For many outside of Washington, DC, and a few within, the federal contracting process appears to be a bureaucratic morass in which Beltway Bandits “game” the bidding process to win contracts.
Occasional reports of seemingly strange awards for PR and other types of work, like the infamous $500 hammers, appear to confirm people's suspicions. Most recently, the Federal Drug Administration (FDA) awarded a $300,000, no-bid PR contract to an obscure Alaska-based company called ANI, with DC-based Qorvis Communications as a subcontractor.
Since ANI is an 8(a) business, meaning it is “owned and controlled by one or more socially and economically disadvantaged individuals,” the FDA can negotiate with ANI, which has regularly subcontracted with Qorvis, directly.
Rep. John Dingell (D-MI), who chairs the House committee that oversees the FDA, has vowed to investigate the PR contract and whether federal rules were circumvented.
The FDA denies acting improperly, though it did suspended the contract to allow for an internal investigation. PR pros work-ing in Washington say despite appearances, the government is often trying to find the best firm for the job, but must navigate through arcane rules.
Qorvis partner Don Goldberg told PRWeek that the FDA liaison in charge of this particular contract came to Qorvis unsolicited to say the FDA already knew it wanted the firm because of its work and that it wanted to choose before the end of Bush's term, which limited the amount of time for a competitive bid.
RFPs sometimes appear that are written in a way that it is apparent the government agency already has a particular contractor in mind. But Goldberg says the contracts are approved and overseen by many layers of management, Congress, the General Accountability Office, and government agency inspectors general.
Dr. Steve Kelman, a professor at Harvard University's Kennedy School of Government and a former head of the Office of Federal Procurement Policy (OFPP), says while plenty of instances of fraud and abuse exist, the process is inherently fair.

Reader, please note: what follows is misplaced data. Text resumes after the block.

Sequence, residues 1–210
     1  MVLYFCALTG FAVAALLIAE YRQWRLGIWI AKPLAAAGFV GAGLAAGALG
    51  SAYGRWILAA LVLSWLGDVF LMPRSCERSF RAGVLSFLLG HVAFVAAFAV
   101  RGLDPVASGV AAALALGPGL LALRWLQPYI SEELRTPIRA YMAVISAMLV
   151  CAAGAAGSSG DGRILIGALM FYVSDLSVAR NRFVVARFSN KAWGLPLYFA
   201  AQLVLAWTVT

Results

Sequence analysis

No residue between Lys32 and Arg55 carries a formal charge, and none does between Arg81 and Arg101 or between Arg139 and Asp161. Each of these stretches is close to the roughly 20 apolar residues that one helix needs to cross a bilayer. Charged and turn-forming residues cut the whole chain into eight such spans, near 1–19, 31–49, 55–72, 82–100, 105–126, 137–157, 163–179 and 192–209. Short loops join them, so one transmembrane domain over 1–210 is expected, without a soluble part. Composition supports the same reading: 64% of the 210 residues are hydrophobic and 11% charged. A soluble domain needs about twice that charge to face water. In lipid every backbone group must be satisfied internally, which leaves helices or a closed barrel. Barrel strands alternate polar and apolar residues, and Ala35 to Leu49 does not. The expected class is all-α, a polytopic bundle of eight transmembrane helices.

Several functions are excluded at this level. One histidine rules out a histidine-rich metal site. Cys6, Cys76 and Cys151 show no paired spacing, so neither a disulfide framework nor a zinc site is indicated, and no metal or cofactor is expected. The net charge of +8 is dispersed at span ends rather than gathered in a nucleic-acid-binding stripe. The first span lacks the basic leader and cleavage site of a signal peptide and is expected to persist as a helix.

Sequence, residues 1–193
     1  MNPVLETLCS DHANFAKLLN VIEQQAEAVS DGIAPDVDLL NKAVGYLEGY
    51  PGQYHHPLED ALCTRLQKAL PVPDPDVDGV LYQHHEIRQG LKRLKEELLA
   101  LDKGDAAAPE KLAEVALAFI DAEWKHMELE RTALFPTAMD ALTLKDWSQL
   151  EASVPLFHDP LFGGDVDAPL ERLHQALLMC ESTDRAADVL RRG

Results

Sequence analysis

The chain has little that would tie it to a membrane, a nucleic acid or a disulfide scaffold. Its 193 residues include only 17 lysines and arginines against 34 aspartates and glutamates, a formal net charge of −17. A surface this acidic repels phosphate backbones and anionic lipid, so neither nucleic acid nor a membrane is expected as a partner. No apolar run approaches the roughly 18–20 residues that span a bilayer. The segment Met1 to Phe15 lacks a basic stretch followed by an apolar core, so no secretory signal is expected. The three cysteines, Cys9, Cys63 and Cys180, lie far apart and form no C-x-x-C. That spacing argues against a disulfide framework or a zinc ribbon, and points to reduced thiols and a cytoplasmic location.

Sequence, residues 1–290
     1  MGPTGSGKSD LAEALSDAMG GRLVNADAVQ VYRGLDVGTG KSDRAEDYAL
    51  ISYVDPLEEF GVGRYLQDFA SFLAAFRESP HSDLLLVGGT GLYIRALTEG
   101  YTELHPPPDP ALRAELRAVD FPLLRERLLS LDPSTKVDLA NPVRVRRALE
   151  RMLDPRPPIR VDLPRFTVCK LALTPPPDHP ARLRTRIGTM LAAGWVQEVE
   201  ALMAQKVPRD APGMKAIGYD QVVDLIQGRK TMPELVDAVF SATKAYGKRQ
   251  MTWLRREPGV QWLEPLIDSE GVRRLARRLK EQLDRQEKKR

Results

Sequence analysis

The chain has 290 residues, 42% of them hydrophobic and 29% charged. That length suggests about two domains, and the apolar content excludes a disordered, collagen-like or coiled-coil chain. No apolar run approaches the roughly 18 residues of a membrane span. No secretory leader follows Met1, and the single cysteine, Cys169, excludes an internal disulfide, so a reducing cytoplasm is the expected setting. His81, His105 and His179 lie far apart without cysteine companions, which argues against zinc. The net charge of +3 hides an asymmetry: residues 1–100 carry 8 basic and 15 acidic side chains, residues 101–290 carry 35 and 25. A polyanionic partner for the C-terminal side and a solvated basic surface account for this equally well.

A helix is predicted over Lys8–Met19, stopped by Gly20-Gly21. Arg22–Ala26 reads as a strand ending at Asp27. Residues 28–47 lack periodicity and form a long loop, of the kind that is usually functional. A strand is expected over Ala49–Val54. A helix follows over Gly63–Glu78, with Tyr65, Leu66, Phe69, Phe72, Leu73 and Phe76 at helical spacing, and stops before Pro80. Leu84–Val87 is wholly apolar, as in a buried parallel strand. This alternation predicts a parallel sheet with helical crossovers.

“That's not to say there are no problems, but the system is overwhelmingly honest,” Kelman says.
However, Rob Burton, a former OFPP deputy administrator who is now a partner at the law firm Venable, says contract awards to small businesses are particularly vulnerable for abuse because of a lack of oversight over what constitutes as “small.” He notes that as federal procurement has increased from $200 billion to $500 billion annually since 9/11 and the Iraq War, the amount of fraud is bound to increase, just based on the law of averages.
Contrary to the belief that federal contracts are easy money, most executives roll their eyes when asked about bidding on government RFPs. Dan Baum, CEO and founder of DBC PR, says the emphasis on the lowest bid might actually prevent the best firm from being hired.
“If it's fairly commoditized work... that process may be fine,” Baum says. “But if the work calls for strategic counsel, then I'm not so sure.”
Debra Silimeo, SVP at Hager Sharp, says that bidding for government contracts is challenging. Some public affairs proposals that she helped put together were submitted in cardboard boxes due to the amount of paperwork. Yet, from what she has seen, contracts were always fairly awarded.
“It may be more challenging to work... through the government contracting process... but the [RFPs] I've been involved [with] have all been honest attempts to provide the best value for the dollars being spent,” Silimeo says.
Overall, though, Burton says the US is leading the way on government contracts. “Two years ago I chaired an international working group about procurement best practices, and there's no question that the rest of the world views it as a model,” he says.